IoT Threats Will Begin To Take Shape
IoT threats, once somewhat abstract, will start to become very real as more devices are connected and as consumers and businesses start to participate in the resulting connected ecosystems. Recent DDoS attacks in 2016 showed us that the IoT is, and will continue to be, a valuable tool and target for cyber criminals. The security industry, businesses and consumers will need to come to together to tackle IoT security – from education to product development.

BYOD Brings News Era of Workplace Threats
With evolving workplace cultures – including a rise in work from home and bring your own device (BYOD) policies – we’ll start to see a new era of threats facing businesses. Companies will need to prioritize building a BYOD policy in partnership with IT, risk management, and legal counsel. They’ll also need to educate employees on security best practices, like creating strong passwords and updating the software on their devices, to ensure all employees understand their role in protecting the business.

Hollywoodization of the Hacker Brings Mainstream Awareness
With shows like Mr. Robot gaining mainstream, loyal followings, we’ll see a new level of fascination with hacker culture and cybersecurity, especially from younger individuals, who are more digitally connected than any previous generation. Consumer interest in cybersecurity, along with attacks in the headlines, will drive popularity of these shows and start to blend entertainment with education.

Ransomware Will Threaten Hospitals And Other Enterprises
Hospitals and other healthcare organizations will be among the most vulnerable for attack, as moves to digital – including the shift to electronic health records (EHR) and launch of mobile applications – will introduce valuable targets for cyber criminals.

Have your own 2017 security predictions to share? Weigh in with us on FacebookTwitter and LinkedIn.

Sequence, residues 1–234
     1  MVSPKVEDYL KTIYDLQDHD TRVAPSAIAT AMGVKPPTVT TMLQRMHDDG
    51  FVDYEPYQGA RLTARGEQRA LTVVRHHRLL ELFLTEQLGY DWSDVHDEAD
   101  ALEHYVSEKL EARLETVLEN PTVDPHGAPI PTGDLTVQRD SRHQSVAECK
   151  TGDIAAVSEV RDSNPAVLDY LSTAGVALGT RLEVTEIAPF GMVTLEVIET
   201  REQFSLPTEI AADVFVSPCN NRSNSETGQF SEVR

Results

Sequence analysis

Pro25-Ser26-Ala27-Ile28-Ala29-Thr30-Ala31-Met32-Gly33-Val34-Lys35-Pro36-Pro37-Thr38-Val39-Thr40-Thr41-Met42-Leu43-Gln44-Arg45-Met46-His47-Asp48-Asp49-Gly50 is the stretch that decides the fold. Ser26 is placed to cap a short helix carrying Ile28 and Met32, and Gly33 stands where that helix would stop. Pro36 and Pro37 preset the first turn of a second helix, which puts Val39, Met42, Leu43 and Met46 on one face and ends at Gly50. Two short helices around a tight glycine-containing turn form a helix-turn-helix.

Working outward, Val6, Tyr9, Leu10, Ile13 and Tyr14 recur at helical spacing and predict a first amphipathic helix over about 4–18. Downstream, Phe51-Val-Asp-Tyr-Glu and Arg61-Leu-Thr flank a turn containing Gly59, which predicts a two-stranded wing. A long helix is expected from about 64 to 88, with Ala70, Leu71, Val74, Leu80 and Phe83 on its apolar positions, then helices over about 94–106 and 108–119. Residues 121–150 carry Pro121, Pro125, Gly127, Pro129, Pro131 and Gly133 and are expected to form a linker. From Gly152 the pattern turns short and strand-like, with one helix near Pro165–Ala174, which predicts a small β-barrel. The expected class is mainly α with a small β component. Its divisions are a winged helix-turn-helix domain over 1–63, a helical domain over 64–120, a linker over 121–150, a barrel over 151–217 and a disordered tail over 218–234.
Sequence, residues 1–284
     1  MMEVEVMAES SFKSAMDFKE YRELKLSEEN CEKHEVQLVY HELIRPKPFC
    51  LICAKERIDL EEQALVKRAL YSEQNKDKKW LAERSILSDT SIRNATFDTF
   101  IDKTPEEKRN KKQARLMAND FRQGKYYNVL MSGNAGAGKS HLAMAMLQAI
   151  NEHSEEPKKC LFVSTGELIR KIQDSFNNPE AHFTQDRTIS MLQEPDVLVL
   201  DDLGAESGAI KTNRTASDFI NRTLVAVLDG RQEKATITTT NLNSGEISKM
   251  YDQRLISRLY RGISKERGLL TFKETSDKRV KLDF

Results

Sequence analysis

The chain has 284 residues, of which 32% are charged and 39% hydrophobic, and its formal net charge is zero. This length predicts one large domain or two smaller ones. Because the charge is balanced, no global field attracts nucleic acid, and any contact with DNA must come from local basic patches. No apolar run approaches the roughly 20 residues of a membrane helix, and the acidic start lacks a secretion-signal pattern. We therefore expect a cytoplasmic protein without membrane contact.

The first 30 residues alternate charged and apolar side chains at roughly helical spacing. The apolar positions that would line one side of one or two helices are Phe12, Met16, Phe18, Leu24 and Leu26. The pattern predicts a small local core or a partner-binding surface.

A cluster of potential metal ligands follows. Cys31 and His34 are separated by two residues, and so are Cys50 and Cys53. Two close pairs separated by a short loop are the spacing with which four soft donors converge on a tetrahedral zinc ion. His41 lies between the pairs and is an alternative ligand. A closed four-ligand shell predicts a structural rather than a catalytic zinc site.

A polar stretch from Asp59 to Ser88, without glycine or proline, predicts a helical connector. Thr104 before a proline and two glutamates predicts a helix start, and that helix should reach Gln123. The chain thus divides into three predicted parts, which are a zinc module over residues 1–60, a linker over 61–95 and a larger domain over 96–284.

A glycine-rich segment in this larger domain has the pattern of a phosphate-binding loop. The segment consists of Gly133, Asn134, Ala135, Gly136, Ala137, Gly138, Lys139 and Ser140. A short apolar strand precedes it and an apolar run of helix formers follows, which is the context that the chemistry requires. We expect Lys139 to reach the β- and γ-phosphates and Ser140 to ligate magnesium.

By | December 27th, 2016|Online Safety|0 Comments

How Consumers Can Respond to the Yahoo Breach

CSIDYahoo recently disclosed that it has discovered a breach of more than one billion user accounts that occurred in August 2013. This is believed to be a separate attack from the breach Yahoo reported in September.

Bob Lord, chief information security officer at Yahoo, said the stolen user account information may include names, email addresses, telephone numbers, dates of birth, hashed passwords, and in some cases, encrypted or unencrypted security questions and answers. Whether or not you have a Yahoo account, this is a great reminder to make sure you’re following best practices when it comes to your online security.

Create Strong Passwords
Take a look at the most common passwords from last year and it’s a canvas of simplicity. “123456” and “password” are the two most common, with other easy-to-guess passwords like “football” and “abc123” high up on the list.

While these are easy to remember, they’re also quite easy to guess. Refrain from using your name, birthday, or pet’s name in your passwords; instead, use long, strong, unique passwords with a mix of numbers, letters, and special characters. Don’t reuse passwords across multiple apps and sites and also be sure to update your passwords regularly – it’ll help further protect your information from being accessed.

Stay Updated
When your computer or an app asks if you’d like to update to the latest version, do you typically ignore it, or click “Remind Me Later?” Get out of that habit – those updates are there for a reason. Developers are constantly fixing bugs and adding security adjustments and patches to make your devices safer.